13Prewriting Put ideas down on paper using graphic organizer Audience: classmates and teacherTopic: March on Washington, theVoting Rights Act, or the Civil Rights ActPurpose: tell a story“getting-ready-to-write-stage” (Tompkins, 2008, p. 8)
14Time Travelers pretend you are a time traveler Directions:Time Travelerspretend you are a time travelertravel back to Civil Rights Movementthink about the events during thattimecomplete graphic organizer on eventthat interests youMarch on Washington, theVoting Rights Act, or the Civil Rights Act
15Graphic Organizer do not use complete sentences do not worry about spelling and grammar
17Prewriting Students with Differing Developmental Levels Accommodations/Modificationsallowed to dictate to a peerrecord responses on audio-tape(alternative to handwriting)Will be given:-an audio-tape-a blank cassette tape
18English Language Learners Students with Cultural or Linguistic BackgroundsPrewritingAccommodations/ModificationsEnglish Language LearnersPaired with two other students who speak English and Spanish fluentlyStudents:assist by translatingwordsprovide definitions
19Drafting expansion of prewriting stage putting your “ideas down on paper”(Tompkins, 2008, p. 11)information from graphic organizer used to develop a drafttake your ideas and develop them into sentencesspelling and grammar unimportant
21Revising rereading and developing ideas of draft “adding, substituting, deleting, and rearranging material” (Tompkins, 2008, p. 13)revising proofreader’s marksYou all may “add words, substitute sentences, delete paragraphs, and move phrases” (Tompkins, 2008, p. 13), during this stage.Mini-lesson on rearranging words so the sentence reads better (ex. We agreed gladly!—We gladly agreed!)focus: content
24Editing Mechanics focus: mechanics editing proofreader’s marks capitalization, punctuation, spelling, sentence structure, usage, and formatting(Tompkins, 2008, p. 16)Mechanicsword by word reading(Root, 2008, p. 39)focus: mechanicsediting proofreader’s marksMini-lesson on periods (at the end of sentences and in abbreviations).correct mechanical errorsproofreading(Root, 2008, p. 39)
27Publishing rewriting piece from revising and editing stage Writers’ Showcaseinvolves putting writing “in final written form” (Root, 2008, p. 45)Writers’ Showcase—students will have the opportunity to share their pieces with the class (optional)Publishing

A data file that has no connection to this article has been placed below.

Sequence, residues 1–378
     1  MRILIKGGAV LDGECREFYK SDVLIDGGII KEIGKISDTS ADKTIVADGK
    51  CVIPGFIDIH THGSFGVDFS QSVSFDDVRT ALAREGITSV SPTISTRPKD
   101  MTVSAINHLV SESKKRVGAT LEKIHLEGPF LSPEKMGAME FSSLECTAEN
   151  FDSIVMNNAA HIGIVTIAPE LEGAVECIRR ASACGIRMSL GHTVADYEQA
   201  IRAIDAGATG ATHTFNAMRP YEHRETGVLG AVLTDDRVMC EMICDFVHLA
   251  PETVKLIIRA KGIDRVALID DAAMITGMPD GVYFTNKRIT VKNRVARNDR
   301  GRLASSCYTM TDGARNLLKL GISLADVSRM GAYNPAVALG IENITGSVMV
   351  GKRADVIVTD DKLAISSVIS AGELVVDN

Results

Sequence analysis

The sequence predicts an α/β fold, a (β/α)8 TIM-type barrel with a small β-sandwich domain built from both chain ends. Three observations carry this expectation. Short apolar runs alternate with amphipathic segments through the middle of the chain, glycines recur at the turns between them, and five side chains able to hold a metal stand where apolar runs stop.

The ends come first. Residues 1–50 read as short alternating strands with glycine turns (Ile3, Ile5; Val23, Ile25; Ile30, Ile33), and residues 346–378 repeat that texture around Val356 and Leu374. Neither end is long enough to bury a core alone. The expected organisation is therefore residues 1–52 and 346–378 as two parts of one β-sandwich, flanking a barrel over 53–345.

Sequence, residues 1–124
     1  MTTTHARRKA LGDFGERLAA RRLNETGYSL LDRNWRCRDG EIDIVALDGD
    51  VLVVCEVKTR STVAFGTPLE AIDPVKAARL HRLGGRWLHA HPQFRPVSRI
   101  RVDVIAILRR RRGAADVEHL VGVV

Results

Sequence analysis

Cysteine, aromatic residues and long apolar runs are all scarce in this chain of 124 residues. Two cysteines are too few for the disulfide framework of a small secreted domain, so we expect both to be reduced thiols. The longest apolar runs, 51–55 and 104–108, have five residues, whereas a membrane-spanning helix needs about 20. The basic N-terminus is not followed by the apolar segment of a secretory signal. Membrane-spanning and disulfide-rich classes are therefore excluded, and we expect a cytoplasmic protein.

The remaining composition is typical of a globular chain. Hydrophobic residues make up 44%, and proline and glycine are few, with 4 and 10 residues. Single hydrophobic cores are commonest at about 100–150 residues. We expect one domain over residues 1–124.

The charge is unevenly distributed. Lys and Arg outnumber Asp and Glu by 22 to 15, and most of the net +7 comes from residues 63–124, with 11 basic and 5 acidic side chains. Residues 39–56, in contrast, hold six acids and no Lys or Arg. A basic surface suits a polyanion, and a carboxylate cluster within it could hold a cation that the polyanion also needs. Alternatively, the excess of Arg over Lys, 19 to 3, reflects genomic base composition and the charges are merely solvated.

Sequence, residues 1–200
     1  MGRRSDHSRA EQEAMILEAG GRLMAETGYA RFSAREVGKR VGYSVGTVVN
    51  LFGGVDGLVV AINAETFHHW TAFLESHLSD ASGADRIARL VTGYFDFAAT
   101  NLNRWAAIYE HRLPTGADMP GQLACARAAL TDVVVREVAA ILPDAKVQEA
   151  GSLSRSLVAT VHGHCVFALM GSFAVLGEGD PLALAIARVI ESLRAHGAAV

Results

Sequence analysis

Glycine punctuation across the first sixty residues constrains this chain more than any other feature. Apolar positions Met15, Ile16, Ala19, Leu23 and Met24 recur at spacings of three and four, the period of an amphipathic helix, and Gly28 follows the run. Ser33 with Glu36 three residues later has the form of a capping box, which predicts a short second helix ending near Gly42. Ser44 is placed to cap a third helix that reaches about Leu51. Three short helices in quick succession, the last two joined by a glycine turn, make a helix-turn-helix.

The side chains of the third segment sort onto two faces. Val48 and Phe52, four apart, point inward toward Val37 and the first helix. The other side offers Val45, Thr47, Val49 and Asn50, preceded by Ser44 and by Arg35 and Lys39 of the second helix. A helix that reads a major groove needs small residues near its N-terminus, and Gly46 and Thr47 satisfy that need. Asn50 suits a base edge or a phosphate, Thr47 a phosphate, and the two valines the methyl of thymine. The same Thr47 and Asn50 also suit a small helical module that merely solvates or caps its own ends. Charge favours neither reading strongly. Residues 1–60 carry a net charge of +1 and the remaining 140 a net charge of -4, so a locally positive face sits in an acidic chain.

29Editing Practice Activity Examine the simulated journal entry, on the Montgomery Bus Boycott, for errors in mechanics.As you find the errors, correct them using the six editing proofreader’s marks (transpose, correct misspelling, insert period, capitalize, make lowercase, and insert space).
35ReferencesEggen, P. & Kauchak, D. (2007). Educational psychology: Windows on classrooms.Upper Saddle River, NJ: Pearson Education.Georgia Project for Assistive Technology. (n.d.). Supporting participation in typicalclassroom activities for students with disabilities through the use ofaccommodations, modification, and assistive technology solutions. RetrievedfromGoldman, P. L. (1965). Civil rights: The challenge of the fourteenth amendment.New York: Coward-McCann, Inc..Houston, G. (2004). The Learner/Writer: The Person How Writes. In Howwriting works: Imposing organizational structure within the writing process(pp ). Boston: Allyn and Bacon.Root, T. (2011). Revising and editing: Proofreader’s marks. Retrieved fromRoot, T. (2006, August). Structure of narratives: Fifth grade. Valdosta, GA:Valdosta State University.
36Root, T. (2008). The writing process: Instruction & assessment Root, T. (2008). The writing process: Instruction & assessment. Retrieved fromDr. Tonja Root’s Website: ECED 4300 on January 29, 2008,Shores, E.L. (2005). Rosa Parks: Civil rights pioneer. Mankato, MN: CapstonePress.Siegel, B. (1992). The year they walked: Rosa Parks and the Montgomery BusBoycott. New York: Four Winds Press.The Faculty Room. (2004). Learning disabilities. Retrieved fromTompkins, G. E. (2008). Teaching writing: Balancing process and product (5th ed.).Upper Saddle River, NJ: Prentice Hall.